“They had a quite an adventure with us here on the border. We had to be probably the first people who’d come from Zittau to Hrádek from a capitalist foreign country. So, they all came out of the woodwork at the border. They came in civilian clothing and went over everything with us. For example, in Lahti we had visited a church designed by Saarinena and we had the address of the pastor there written down and ended up having dinner with him. So, they wrote that down immediately. It was comical, they unpacked all our stuff. We had our dirty laundry there with the things we bought wrapped up in it, mugs, and that kind of thing, they searched through everything. We spent about two hours on the German border before they let us into Liberec, that was quite a day. Because someone coming from a capitalist country to that border crossing was obviously a first for them. So, that was our trip to West, and then we didn’t go anywhere else after that for a long time, obviously.”
“I had a good friend who I went to high school with, we sat at the same desk, then we lived together in the dorms while we were both studying medicine. Her family had a cottage at the Seč dam, close to Ústupky. We always went there during the last week of the summer break and our classmates came and we all prepared together to go back to school on the first of September. Her grandmother was from Heřmanův Městec, where there was a town fair at the end of summer, so we would go there from Seč to the fair and to visit her. We were also there for sixty-eight. We played canasta till two in the morning before we got the news. In the morning, Daša’s mom called and told us the Russians had come. Then we saw how there in Ústupky, where there was a small store for the weekenders, how people were lined up in front of it, all crying and buying huge bags of flour and sugar; they had no idea what was going to happen. Mom came to take us back home to Pardubice because she didn’t want us to leave us there.”
They could have gone to Finland, but the kids stayed at home like hostages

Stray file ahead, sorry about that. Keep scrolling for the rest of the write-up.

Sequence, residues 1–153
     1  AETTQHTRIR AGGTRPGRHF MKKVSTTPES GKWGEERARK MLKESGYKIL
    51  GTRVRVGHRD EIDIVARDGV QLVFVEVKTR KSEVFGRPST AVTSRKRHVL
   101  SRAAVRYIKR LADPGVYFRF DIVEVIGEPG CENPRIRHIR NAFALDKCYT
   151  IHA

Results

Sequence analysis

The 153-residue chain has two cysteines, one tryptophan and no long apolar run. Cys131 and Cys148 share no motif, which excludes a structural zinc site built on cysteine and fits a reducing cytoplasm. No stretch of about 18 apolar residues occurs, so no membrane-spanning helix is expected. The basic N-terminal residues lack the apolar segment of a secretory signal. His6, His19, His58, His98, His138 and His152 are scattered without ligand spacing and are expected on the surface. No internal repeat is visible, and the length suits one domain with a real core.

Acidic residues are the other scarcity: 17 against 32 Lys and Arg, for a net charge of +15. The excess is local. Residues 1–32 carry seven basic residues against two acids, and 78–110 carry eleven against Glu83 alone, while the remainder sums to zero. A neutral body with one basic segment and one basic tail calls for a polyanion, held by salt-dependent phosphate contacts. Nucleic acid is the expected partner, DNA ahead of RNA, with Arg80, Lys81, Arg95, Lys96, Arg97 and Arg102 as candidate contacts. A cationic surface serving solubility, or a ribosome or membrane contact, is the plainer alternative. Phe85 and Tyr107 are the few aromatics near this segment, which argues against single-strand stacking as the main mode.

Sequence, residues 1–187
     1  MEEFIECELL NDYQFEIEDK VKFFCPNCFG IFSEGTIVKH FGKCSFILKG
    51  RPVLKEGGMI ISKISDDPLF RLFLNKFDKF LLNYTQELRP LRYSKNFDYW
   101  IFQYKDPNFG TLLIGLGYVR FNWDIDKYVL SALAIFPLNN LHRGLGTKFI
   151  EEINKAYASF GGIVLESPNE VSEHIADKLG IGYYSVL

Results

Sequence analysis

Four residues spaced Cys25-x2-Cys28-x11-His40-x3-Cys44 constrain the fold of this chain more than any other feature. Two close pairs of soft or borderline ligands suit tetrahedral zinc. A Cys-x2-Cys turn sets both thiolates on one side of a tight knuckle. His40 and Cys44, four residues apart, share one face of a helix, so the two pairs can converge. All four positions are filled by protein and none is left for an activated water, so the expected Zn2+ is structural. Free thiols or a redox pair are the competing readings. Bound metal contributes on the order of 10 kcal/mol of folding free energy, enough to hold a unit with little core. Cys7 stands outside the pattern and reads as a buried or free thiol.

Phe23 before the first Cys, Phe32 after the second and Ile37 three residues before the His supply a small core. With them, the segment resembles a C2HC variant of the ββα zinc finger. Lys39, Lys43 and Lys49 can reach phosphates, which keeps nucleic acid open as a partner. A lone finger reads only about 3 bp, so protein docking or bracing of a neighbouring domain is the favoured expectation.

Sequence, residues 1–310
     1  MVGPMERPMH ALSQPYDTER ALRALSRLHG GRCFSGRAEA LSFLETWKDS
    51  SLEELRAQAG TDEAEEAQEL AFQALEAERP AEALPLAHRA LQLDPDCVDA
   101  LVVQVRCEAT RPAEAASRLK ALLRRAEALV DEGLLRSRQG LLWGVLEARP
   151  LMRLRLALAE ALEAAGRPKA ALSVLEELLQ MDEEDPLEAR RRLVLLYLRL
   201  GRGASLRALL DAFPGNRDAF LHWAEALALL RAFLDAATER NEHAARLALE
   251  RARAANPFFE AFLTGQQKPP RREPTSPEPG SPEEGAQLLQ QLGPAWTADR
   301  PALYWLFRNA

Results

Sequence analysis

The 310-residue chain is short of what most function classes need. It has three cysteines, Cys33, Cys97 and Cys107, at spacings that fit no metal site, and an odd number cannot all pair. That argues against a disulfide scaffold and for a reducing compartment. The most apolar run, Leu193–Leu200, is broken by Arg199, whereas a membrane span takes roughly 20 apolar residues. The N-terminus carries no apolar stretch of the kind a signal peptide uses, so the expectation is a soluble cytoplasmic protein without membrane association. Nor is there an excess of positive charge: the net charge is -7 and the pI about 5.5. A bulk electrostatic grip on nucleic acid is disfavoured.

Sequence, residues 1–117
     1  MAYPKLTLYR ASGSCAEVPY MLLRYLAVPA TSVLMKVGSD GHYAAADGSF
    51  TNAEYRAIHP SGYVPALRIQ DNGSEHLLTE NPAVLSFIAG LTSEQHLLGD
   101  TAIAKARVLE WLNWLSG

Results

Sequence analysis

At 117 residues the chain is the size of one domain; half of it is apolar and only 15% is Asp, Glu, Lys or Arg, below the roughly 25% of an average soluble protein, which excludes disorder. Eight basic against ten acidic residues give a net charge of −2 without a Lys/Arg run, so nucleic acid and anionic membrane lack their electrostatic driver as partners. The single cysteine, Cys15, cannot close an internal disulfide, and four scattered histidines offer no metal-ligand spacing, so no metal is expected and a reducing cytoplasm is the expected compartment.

Hana Čejková, née Augenthalerová, was born on 5 August 1952 in Pardubice. She grew up as an only child among six adults. From the time she was young, she was exposed to hiking. In 1970, she began studying medicine in Prague. During her studies, she met an architecture student named František Čejka, who she married soon after. Initially, she began working at the anesthesiology department of Pardubice Hospital, and, later, she and her husband relocated to Liberec. Again, she found work there in an anesthesiology department while František took up a position in a company called Stavoprojekt Liberec. In 1979, the Čejkas were allowed to travel to Finland and they hitchhiked their way through part of Scandinavia. In 1981, František Čejka signed the Charter 77, after which the State Security started to take an interest in him. During the 1980s, the couple maintained contacts with some of the signees of the Charter as well as took part in the distribution of the Charter’s publications and František’s magazine Váha (Weight). They raised three children together. In November 1989, František got involved with the Civic Forum and had a short stint in politics. Afterwards, he lectured at the College of Architecture in Liberec. In 2000, he went, along with his oldest son, to the Himalayas, where he succumbed to hypoxemia and died. After the death of her husband, Hana Čejková continued to travel and today her several grandchildren are her biggest joy.